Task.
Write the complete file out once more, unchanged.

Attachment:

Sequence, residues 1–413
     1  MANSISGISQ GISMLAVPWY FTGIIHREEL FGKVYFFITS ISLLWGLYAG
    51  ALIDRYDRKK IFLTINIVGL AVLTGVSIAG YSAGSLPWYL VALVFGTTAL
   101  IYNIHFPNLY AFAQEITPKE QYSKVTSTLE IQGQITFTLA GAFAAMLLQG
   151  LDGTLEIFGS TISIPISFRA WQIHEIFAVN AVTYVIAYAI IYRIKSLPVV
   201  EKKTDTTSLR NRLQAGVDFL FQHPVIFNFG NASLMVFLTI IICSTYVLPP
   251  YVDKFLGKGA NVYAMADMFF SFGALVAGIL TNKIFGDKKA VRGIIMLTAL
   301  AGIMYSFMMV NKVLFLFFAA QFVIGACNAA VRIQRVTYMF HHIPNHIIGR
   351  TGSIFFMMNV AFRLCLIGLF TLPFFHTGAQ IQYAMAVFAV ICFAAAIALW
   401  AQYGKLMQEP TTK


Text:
Sequence, residues 1–413
     1  MANSISGISQ GISMLAVPWY FTGIIHREEL FGKVYFFITS ISLLWGLYAG
    51  ALIDRYDRKK IFLTINIVGL AVLTGVSIAG YSAGSLPWYL VALVFGTTAL
   101  IYNIHFPNLY AFAQEITPKE QYSKVTSTLE IQGQITFTLA GAFAAMLLQG
   151  LDGTLEIFGS TISIPISFRA WQIHEIFAVN AVTYVIAYAI IYRIKSLPVV
   201  EKKTDTTSLR NRLQAGVDFL FQHPVIFNFG NASLMVFLTI IICSTYVLPP
   251  YVDKFLGKGA NVYAMADMFF SFGALVAGIL TNKIFGDKKA VRGIIMLTAL
   301  AGIMYSFMMV NKVLFLFFAA QFVIGACNAA VRIQRVTYMF HHIPNHIIGR
   351  TGSIFFMMNV AFRLCLIGLF TLPFFHTGAQ IQYAMAVFAV ICFAAAIALW
   401  AQYGKLMQEP TTK